Japanese Yen Soft After CPI Beats Expectations, Manufacturing PMI Misses Forecasts

The Japanese yen was weak for the most part today despite the better-than-expected inflation print and risk aversion among investors. Meanwhile, Japan’s manufacturing sector unexpectedly continued to contract.
The Statistics Bureau reported that the Japan national core Consumer Price Index rose 0.8% in May from a year ago. While it was a little smaller than the April increase of 0.9%, it was a better reading than a 0.7% gain predicted by analysts.
Meanwhile, the IHS Markit Flash Japan Manufacturing PMI edged down to 49.5 in June from 49.8 in May, meaning that the manufacturing sector was declining with faster pace. Market participants were hoping that the index would improve to at least the neutral 50.0 level of no change. Tim Moore, Associate Director at IHS Markit, commented on the negative reading:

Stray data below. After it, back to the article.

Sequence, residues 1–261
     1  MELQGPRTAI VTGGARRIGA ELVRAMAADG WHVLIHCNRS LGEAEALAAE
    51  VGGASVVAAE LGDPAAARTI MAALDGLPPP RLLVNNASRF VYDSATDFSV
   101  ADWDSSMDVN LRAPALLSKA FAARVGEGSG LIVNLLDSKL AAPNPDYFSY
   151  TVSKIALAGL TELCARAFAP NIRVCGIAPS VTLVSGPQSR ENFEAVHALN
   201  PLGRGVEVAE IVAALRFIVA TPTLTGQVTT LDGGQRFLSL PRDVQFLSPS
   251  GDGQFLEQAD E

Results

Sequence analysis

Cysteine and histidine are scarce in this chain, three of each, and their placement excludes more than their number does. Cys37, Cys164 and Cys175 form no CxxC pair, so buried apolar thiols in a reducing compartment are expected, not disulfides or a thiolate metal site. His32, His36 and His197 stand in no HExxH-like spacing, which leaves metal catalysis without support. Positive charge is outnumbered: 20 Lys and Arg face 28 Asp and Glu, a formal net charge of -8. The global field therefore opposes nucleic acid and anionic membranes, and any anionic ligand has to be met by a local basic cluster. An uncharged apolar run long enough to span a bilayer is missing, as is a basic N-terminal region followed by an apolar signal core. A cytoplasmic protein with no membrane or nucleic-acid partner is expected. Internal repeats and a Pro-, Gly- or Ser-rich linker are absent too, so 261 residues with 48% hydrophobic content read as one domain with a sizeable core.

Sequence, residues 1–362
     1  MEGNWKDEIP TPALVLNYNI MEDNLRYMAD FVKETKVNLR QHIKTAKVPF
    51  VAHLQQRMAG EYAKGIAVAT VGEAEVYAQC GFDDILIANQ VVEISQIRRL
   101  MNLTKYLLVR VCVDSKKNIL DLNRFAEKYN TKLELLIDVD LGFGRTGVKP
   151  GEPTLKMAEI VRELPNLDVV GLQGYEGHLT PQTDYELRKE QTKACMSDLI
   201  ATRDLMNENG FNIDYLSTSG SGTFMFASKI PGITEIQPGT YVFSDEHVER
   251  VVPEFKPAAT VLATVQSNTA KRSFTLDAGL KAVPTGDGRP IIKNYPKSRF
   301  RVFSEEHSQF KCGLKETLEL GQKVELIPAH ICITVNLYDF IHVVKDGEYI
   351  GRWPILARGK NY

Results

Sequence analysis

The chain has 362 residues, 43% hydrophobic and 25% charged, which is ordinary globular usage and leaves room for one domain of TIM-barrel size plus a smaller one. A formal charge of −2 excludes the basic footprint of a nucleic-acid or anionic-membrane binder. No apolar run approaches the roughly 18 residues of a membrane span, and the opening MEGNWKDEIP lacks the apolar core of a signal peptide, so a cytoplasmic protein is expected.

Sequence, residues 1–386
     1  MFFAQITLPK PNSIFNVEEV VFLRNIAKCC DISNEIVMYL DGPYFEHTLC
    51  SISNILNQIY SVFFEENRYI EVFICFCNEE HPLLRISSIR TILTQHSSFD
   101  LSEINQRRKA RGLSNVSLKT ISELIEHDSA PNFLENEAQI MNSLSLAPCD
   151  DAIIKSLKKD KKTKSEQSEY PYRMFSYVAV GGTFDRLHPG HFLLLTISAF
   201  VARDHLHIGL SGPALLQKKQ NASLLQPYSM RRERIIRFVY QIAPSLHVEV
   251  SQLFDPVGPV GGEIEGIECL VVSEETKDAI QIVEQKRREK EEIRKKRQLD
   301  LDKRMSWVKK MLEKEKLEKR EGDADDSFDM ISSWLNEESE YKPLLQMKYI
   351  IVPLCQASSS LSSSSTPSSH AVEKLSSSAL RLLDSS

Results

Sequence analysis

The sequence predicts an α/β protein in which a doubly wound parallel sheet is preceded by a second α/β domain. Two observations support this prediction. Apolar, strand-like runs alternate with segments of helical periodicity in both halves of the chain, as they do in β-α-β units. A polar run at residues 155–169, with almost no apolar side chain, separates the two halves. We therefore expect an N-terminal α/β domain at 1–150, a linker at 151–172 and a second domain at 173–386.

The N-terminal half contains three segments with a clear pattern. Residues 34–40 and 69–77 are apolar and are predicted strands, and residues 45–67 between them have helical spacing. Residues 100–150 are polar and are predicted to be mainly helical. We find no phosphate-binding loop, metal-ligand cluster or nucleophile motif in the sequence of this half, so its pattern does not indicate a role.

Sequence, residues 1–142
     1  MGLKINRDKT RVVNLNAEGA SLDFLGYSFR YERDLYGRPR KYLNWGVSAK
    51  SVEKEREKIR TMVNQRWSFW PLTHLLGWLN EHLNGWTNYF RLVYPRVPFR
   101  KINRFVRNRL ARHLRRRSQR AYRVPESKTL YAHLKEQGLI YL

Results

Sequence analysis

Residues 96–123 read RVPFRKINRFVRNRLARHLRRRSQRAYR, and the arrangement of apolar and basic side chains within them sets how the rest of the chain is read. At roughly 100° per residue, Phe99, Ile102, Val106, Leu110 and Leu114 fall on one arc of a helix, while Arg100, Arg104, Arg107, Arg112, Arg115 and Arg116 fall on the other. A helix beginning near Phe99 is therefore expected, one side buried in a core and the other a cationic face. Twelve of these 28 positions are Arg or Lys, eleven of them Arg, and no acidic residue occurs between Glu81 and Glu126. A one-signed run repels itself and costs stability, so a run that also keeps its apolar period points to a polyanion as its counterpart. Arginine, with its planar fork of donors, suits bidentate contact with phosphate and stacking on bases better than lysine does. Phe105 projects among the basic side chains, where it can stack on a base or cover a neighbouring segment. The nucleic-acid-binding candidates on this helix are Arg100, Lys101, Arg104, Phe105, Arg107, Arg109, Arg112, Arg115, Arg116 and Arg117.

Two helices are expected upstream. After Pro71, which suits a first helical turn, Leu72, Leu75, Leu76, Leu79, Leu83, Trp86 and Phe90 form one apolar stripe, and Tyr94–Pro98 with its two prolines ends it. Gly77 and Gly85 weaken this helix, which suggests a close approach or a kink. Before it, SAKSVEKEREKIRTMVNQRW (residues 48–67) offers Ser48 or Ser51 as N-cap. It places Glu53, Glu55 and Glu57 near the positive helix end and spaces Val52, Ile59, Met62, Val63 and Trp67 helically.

June survey data reveals a further loss of momentum across the manufacturing sector, as signalled by the headline PMI dropping to a three-month low. Softer demand in both domestic and international markets contributed to the sharpest fall in total new orders for three years. A soft patch for automotive demand and subdued client confidence in the wake of US-China trade frictions were often cited by survey respondents.

Some market analysts said that the friction between the United States and Iran should be supporting the Japanese currency due to its role as a safe haven. Yet currently, it does not look to be the case.
USD/JPY rose from 107.29 to 107.49 as of 12:18 GMT today, rebounding from the session low of 107.04. EUR/JPY gained from 121.14 to 121.63. CHF/JPY went up to 109.52 from the open of 109.28 after touching the daily minimum of 109.00

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